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November 20, 2012
Lawsuit Challenges Bitterroot Snowmobilers’ Use Of Forest Road
PERRY BACKUS - RAVALLI REPUBLIC (
Confusion over boundary lines and a pending lawsuit has Bitterroot Ridgerunner Snowmobile Club members worried about the future of a popular snowmobile route at Lost Trail Pass.
Club president Dan Thompson said the group submitted a
request in 2010 to the
“It’s a popular route that can get really rough in the wintertime,” Thompson said.
During the course of processing the club’s request,
That non-motorized area was originally set aside to protect the cross-country ski area at Chief Joseph Pass.
Thompson said Forest Service officials have told him the road was never intended to be included in the non-motorized winter allocation, though.
Still, fixing the mistake isn’t as simple as just redrawing a line on a map.
From the agency’s perspective, Wisdom District Ranger Russ Riebe said, their actions are guided by laws and regulations.
“When the regional forester signs a decision and says it’s so, it’s so,” Riebe said. “Whatever comes out in black and white is the law of the land.”
At this point, Forest Service officials have decided the only way to fix the problem is to do an amendment to the forest’s land-use plan.
But they’re not willing to do that until judges make a decision on pending litigation that challenges the way the forest allocated winter motorized use.
Three environmental groups sued the
That issue is currently before the Ninth Circuit of Appeals.
Adam Rissen of Wildlands CPR said the lawsuit could have national ramifications in the way the Forest Service addresses winter motorized recreation.
Under the current rules, Rissen said, national forests have the option to avoid analysis of impacts to soil, water, wildlife and other forms of recreation created by snowmobile use.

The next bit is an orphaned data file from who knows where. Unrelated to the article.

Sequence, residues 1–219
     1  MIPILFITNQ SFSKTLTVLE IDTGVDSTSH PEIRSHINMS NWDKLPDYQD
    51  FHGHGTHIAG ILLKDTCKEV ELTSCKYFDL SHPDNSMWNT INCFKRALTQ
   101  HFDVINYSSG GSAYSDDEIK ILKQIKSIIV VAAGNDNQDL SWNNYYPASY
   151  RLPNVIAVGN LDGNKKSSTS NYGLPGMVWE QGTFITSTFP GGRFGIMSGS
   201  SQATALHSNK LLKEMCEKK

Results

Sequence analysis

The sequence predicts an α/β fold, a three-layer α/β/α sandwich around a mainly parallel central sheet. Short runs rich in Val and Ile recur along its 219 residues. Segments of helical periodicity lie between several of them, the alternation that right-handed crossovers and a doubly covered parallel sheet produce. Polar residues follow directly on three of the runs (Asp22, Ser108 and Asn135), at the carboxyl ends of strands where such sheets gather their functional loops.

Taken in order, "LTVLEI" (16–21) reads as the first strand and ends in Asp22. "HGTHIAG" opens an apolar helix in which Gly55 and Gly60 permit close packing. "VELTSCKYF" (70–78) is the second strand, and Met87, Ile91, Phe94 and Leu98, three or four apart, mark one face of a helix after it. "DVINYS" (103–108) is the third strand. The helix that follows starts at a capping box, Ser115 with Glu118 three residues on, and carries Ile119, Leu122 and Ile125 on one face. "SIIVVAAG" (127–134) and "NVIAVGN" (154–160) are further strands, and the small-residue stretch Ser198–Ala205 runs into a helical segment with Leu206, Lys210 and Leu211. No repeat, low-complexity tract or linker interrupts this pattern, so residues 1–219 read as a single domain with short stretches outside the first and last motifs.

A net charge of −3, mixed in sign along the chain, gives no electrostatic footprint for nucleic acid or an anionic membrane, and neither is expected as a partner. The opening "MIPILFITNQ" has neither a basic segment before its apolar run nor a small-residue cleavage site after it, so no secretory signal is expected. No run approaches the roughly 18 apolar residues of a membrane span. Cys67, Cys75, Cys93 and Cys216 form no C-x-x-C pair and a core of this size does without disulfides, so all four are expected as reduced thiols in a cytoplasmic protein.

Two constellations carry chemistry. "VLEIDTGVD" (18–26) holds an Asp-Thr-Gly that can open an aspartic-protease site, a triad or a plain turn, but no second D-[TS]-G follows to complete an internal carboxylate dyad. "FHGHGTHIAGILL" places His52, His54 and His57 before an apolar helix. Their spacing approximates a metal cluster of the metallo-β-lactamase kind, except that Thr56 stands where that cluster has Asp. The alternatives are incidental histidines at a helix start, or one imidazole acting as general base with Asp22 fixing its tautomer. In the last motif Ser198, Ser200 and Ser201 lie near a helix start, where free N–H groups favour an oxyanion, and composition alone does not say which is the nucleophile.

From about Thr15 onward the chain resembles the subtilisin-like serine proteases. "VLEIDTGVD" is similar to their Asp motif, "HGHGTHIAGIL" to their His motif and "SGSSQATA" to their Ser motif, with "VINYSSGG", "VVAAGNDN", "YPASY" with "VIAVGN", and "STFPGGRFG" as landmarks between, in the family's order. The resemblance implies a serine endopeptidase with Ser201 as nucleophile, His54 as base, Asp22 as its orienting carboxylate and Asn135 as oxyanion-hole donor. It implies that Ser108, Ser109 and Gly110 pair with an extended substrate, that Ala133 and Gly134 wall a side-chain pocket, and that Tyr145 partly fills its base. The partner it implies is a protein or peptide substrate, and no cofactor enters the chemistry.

“We don’t think it should be a choice,” Rissen said. “It’s not a choice for ATVs or motorcycles. Why do snowmobiles get a pass?”
So, Rissen said, environmental groups are challenging that
rule in their lawsuit against the
At this point, Rissen said the groups can’t give a position on the road in question because they don’t have enough information to make that determination since the agency hasn’t done a site-specific analysis.
“That one road might not be an issue,” he said. “We don’t know how much snowmobile traffic it receives. We don’t know if wolverines or mountain goats travel through there. We need more information.”
“That’s what we’ve been asking the Forest Service to do,” Rissen said. “We need that information so we can say one way or the other.”
Rissen said the groups are not looking to close down snowmobiling on national forest lands, but do want the agency to be required to complete an analysis of that use’s impacts.
In the meantime, Riebe said the agency doesn’t have any plans to patrol the road in question this winter.
“With our declining budgets, we very seldom patrol anything after hunting season,” he said. “I can’t come out and tell you we won’t cite anybody. I think it would depend on how flagrant the violation was. But we can’t allow the group to groom the road for motorized use in a non-motorized area.”
The agency will suggest snowmobilers take alternative routes to stay out of the area marked as non-motorized.
The uncertain status of the road makes snowmobilers uneasy.
“We really feel exposed,” Thompson said. “All it takes is one person with a lawyer to file a lawsuit that says this area is closed to snowmobiling and then the Forest Service won’t have a leg to stand on.”
“There are a lot of nut cases out there who would just file a lawsuit just to be mean,” he said. “It’s a route that we need to continue to have. It’s also used by cross-country skiers and mushers. Everyone wants it open to snowmobiling.”
Reach reporter Perry Backus at 363-3300 or email@example.com.
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